LONDON: Brands that tailor their creative to tap into national sentiments during the World Cup can “ride the emotional wave” and generate significantly higher levels of consumer engagement – as long as the team is winning.

Researcher Ipsos invited 30 England fans to watch four ads before the World Cup started, and then had the same people back again after England had defeated Colombia in the first knock-out game to watch the same four ads again.

Using EEG techniques to produce two key metrics in relation to response to advertising – attention and emotional engagement – the researchers concluded that context does make a difference.

In the second viewing, attention was slightly down – not surprising when one considers people had already been exposed to the ads – but emotional engagement had significantly risen for two of the ads.

One, Dream Big with Lidl, for the discount supermarket, featured England players and references to the “three lions” badge and the World Cup; this saw overall emotional engagement grow 15%.

The other, HSBC bank’s Global Citizen, had no World Cup link but centred around national pride and this produced a 31% lift in emotional engagement, including a 28% increase during the only football scene in the ad.

Response to the official World Cup ad for Coca-Cola was consistently high in both sets of viewing , although the payoff line of the ad – “Are you ready for kick off” – produced a lift in engagement in the second viewing, which the researchers attributed to the fans’ anticipation of the upcoming quarter-final game.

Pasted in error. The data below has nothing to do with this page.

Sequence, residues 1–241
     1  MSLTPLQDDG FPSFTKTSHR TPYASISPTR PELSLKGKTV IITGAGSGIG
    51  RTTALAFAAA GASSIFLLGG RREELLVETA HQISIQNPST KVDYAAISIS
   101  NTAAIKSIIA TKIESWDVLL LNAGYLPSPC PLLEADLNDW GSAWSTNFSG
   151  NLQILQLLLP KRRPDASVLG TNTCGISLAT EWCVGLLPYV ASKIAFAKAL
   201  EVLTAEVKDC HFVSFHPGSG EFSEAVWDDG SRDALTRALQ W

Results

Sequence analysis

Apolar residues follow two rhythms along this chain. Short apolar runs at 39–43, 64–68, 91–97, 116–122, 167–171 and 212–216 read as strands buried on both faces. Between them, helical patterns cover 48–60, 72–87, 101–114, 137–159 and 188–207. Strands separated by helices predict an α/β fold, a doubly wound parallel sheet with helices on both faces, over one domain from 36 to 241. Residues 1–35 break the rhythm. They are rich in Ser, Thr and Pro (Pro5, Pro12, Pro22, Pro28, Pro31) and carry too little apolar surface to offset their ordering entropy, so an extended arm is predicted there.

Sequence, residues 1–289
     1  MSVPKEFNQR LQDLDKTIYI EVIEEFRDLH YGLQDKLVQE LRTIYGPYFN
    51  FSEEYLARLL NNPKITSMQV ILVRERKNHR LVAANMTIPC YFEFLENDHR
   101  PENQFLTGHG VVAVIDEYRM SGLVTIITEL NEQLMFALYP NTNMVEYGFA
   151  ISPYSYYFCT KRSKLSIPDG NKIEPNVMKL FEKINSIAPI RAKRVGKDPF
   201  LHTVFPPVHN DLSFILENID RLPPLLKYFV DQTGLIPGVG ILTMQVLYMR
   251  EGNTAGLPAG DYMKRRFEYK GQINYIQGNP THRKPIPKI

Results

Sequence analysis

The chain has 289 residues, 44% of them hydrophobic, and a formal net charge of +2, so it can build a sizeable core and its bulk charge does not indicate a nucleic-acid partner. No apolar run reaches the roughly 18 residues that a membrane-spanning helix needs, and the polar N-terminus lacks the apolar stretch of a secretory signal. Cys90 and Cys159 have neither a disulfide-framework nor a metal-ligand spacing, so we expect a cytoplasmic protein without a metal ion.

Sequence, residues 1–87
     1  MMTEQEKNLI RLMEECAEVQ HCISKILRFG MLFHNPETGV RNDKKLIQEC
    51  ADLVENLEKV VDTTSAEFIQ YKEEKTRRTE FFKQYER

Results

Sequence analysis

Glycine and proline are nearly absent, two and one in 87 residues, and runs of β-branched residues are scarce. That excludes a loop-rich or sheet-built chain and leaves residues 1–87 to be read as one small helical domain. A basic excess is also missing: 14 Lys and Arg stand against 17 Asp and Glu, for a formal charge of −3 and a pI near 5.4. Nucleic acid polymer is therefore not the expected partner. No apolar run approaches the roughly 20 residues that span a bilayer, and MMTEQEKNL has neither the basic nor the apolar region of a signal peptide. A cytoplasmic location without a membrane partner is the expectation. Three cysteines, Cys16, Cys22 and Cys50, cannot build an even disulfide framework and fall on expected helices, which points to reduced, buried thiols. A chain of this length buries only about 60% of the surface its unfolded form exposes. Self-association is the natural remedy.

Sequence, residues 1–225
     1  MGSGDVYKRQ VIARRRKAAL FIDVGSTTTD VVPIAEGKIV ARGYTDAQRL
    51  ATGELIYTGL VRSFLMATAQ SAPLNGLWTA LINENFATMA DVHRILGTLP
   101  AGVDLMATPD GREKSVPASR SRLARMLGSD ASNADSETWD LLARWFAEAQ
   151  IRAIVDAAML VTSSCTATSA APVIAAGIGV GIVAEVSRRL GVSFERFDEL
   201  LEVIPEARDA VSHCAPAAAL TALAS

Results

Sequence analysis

“As emotions run high, brands and advertising do have the ability to ride the ‘emotional wave’ and profit it from it,” they said.

But to do that successfully requires an “all-in” approach. The fourth ad, for LG’s OLED TV, focused on a generic football fan and product benefits and was the only ad that showed no difference in emotional engagement between the two viewings.

At the same time, however, had England crashed out of the competition early as in previous years, the response may have been very different (interestingly, Ipsos has undertaken similar research in Germany, whose national team unexpectedly went out at the group stage), suggesting marketing decisions based on these metrics could be a bet based on an assessment of a team’s chances of success.

Sourced from Ipsos; additional content by WARC staff